Usually, the ‘monetize’ Twitter conversations revolve around advertising, TechCrunch has written about this a couple of times. The idea of user contributions has also been raised (see Johnny Vulkan link above). I’d like to propose another option and then take a look at a different side of the Twitter economy.
What if every Twitter user was required to deposit a micropayment (1 or 2 cents maybe) for every follower. Think how that would effect the signal to noise ratio. Now, like Facebook, you would have to approve a potential follower. But that person would have to have clearly demonstrated the value a relationship with them would bring. And if you wanted to follow someone you better have a proven track record of contributing to the conversation.
It wouldn’t prevent people from having one or two thousand followers, but there would be no reason to allow just anyone to follow you. Now every relationship would more likely be meaningful. People would be valued not by how many followers they have – and we all know how people game that system – but rather by how many people you are following since you needed to get permission to be a follower.
That flips everything. Now, Ashton Kutcher isn’t the big cheese, it’s @BarackObama who has been accepted by 771,000+ friends. By comparison, Kutcher is following just 146 people.
Finally, here’s another interesting aspect of the Twitter economy, TweetValue. TweetValue assigns a dollar value to your Twitter account based on, well, they seem to be a bit secretive on that. But the idea of assigning a dollar value to Twitter profiles is interesting more in the practical aspects than the theoretical. What’s the value of Chris Brogan, iJustine or Oprah tweeting your link or product? It doesn’t take much imagination to see somebody getting 1 million followers and then saying: “$1000 for a tweet, $1,500 for a retweet” Would it be worth it? Only if they had credibility and the product/service was relevant. I’m not suggesting I’d like to see this happen, but it’s not inconceivable. By the way, my TweetValue is $1,115, what’s yours?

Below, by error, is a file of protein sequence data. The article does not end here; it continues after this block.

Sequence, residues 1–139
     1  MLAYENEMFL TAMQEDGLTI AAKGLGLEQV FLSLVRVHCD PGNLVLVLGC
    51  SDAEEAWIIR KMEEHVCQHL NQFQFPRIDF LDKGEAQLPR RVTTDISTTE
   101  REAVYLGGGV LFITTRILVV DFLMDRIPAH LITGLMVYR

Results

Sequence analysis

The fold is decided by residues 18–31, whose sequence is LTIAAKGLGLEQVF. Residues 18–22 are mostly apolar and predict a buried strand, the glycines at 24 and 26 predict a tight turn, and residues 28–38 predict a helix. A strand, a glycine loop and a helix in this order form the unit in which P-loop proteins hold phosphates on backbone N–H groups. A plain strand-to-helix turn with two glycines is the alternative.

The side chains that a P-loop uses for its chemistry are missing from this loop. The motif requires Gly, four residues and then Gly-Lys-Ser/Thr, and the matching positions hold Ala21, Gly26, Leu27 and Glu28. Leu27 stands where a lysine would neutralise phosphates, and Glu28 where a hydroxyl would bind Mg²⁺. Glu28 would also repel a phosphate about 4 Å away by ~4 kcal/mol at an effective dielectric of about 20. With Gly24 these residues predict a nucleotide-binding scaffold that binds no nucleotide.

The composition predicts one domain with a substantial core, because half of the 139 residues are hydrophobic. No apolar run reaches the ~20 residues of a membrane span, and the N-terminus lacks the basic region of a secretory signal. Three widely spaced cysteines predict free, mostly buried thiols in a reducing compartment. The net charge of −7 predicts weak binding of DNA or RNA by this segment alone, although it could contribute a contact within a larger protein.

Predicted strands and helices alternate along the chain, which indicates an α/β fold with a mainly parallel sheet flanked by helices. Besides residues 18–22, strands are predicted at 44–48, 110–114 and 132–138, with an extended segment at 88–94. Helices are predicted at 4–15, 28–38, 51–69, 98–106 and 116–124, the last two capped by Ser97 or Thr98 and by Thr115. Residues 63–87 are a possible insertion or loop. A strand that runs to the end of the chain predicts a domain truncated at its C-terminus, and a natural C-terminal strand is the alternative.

I think the options that you described are all relevant and potentially viable. However, my perspective is around the importance of real time conversational search. This type of search seems to have significant potential as in many cases, it will be much more relevant than highly ranked SEO links that may be much older.
For example, a hotel review on Twitter from someone who just stayed at the property will be much more helpful than an old review from TripAdvisor that has high page rank. Thus I think Twitter can monetize around search in two ways:
– Relevant topical advertiser links (a la google adwords) in the sidebar, perhaps on th search site (and website) where trends lies today.
– Enhanced analytics for advertisers to learn more about those tweeting about their keywords by including data like demographics, retweets, reach, share of conversation, related tweets, as well as an ability to engage directly with the tweeter in a much more trackable manner.
Given the size of Twitter and their organization, I see the enhanced analytics as more viable to them as they don’t have the infrastructure to be able to sell advertising in the manner described. Of corse, they could sell twitter as another Google search channel, but I don’t think that is the direction they want to head in.
Good stuff Warren, thanks. If you’re not following Warren on Twitter, you really should. What do you think? What other aspects of the Twitter economy are worth exploring, or creating? Please share your thoughts here.